is showing a little passion when it comes to parking spaces.
What about everything else that Ontarians with disabilities
need so they can enjoy opportunities in Ontario?
The cynicism which is found throughout this document is nothing
less than breathtaking. On page 4 of this minister's document,
this champion of Ontarians with disabilities, this is what it
says: "Public-opinion research has shown that the general
public has little awareness and interest in an Ontarians with
Disabilities Act." It goes on to say, under "Anticipated
Stakeholder Reaction," that "the general public may not have
much interest." I want to tell you that we have one hell of a lot
of interest in making sure Ontarians with disabilities have
every opportunity. We want room for them at the Ontario table.
Why don't you admit you have given up as any kind of champion
when it comes to the cause of Ontarians with disabilities?
Hon Mrs Johns: I couldn't disagree more. I see me job as
minister responsible for disabilities as building bridges
between the disability community and the private sector, the
public sector-all communities-so we can all move forward
together and lead by example. As everyone in the House will
know, the ODSP that we have is the most generous plan in all
Canada. This government spends $6 billion annually on services
for people with disabilities. That's an increase of-
The Speaker: Order. Would the member for Essex come to order,
Hon Mrs Johns: This government spends $6 billion annually on
services for people with disabilities. That's and increase of
more than $800 million ...
The Speaker: Order. Member for Essex come to order please.
Hon Mrs Johns: This government spends $600 billion
annually on services for people with disabilities. That's an
increase of more than $800 million since Mike Harris came to
government in 1995. I don't think anyone can complain about the
way we're moving forward and let me once again confirm that
we're coming forward with an action plan, as promised, and with
legislation, as promised, to make sure that we move forward in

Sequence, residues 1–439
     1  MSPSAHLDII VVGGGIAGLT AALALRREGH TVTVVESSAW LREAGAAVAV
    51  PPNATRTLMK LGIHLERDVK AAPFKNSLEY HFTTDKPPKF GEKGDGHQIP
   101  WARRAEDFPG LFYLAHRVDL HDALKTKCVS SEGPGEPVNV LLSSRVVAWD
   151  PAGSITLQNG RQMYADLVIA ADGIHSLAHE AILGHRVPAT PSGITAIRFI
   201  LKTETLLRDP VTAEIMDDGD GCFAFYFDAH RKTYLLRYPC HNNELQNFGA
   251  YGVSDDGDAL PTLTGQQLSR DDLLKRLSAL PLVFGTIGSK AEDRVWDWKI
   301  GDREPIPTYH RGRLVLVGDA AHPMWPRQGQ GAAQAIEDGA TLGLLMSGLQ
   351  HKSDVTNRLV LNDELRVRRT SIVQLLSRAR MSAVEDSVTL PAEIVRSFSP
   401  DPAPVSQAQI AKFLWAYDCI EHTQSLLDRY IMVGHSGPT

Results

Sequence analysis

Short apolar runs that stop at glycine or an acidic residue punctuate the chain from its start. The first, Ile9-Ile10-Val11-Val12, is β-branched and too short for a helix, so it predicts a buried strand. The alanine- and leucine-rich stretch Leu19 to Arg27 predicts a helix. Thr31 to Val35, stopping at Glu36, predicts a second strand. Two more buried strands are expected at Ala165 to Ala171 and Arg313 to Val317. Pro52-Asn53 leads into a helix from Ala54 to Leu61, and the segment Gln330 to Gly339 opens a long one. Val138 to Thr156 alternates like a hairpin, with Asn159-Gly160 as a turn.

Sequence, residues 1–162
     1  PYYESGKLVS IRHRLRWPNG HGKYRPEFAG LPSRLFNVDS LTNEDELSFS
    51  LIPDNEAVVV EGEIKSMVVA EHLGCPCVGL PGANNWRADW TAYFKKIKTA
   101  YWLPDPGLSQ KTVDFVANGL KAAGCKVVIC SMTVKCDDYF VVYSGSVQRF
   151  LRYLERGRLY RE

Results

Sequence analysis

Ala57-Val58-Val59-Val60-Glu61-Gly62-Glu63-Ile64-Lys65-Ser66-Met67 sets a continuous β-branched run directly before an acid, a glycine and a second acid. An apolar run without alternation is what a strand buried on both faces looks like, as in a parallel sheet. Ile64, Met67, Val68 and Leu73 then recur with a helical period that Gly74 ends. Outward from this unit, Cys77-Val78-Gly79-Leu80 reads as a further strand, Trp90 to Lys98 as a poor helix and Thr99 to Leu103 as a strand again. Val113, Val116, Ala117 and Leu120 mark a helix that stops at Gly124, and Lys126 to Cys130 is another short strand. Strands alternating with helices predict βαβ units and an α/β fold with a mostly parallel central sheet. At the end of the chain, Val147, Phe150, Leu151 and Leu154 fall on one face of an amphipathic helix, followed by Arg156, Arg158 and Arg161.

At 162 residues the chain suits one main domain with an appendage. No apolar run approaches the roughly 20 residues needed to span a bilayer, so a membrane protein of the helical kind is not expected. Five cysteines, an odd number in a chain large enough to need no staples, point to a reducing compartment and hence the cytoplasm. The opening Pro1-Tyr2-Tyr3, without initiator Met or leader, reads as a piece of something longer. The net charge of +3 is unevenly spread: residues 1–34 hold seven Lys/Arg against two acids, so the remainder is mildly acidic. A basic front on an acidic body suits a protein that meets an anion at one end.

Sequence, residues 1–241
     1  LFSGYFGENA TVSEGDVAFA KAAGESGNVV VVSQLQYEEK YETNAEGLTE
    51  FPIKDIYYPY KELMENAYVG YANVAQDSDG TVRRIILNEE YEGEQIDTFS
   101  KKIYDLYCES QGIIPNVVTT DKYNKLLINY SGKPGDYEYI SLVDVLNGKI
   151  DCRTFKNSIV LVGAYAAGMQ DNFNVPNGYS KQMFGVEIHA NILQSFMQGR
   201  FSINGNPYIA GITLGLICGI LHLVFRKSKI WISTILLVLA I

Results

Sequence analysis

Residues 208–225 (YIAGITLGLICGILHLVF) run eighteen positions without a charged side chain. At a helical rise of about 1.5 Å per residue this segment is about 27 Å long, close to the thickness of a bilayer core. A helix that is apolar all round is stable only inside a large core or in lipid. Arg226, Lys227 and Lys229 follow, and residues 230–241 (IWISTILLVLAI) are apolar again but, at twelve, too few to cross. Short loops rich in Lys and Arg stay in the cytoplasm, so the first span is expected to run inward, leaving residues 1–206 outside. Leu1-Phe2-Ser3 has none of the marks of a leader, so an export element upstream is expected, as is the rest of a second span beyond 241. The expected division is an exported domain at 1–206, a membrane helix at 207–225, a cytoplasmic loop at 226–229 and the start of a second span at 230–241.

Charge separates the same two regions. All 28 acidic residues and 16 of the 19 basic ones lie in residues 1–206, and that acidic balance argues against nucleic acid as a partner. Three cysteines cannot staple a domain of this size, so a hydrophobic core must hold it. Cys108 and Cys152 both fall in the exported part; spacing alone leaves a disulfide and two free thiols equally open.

the province of-
The Speaker: The minister's time is up.
Mr Dalton McGuinty (Leader of the Opposition): This is for the
Minister, a short while ago I got off the phone with David
Lepofsky who represents Ontarians with disabilities. You met
with him on September 8-I want to remind you that your document
here that you presented to cabinet is dated August 28. You met
with him a week later. You had already taken a hard and fast
I told him about this document. He said that during your
conversation you assured him that you had an open mind and that
you were in still in a consultation phase. Now I want you to
tell Ontarians with disabilities right now-because they are
very, very interested in your answer-why is it that you told
their representative-you sat across from him, face to face-he
asked you, "Are you still consulting or is your mind made up?"
You said, "No my mind's not made up. I'm still consulting," and
yet a week earlier you submitted a recommendation to cabinet
which clearly said that your mind was made up.
Tell Ontarians with disabilities what this is all about, right
now. Hon Helen Johns (Minister of Citizenship, Culture and
Recreation, minister responsible for seniors and women): Let me
say that we continue to work on the action plan and the
legislation as we speak. I'm always looking for information. In
fact, the week before the House came back I was in Washington
looking at the Americans with Disability Act and other
legislation that the States have, because, as you know, when we
come forward with legislation here it will be the first in
Canada that we will be presenting. I'm looking at jurisdictions
all around the world. I'm talking to all of the different
ministries within the government to make sure that I understand
that services we provide for people. Let me also say that I've
met with Mr Lepofsky more than once. I met with Mr Lepofsky
last year at this time and this year at this time. In fact, Mr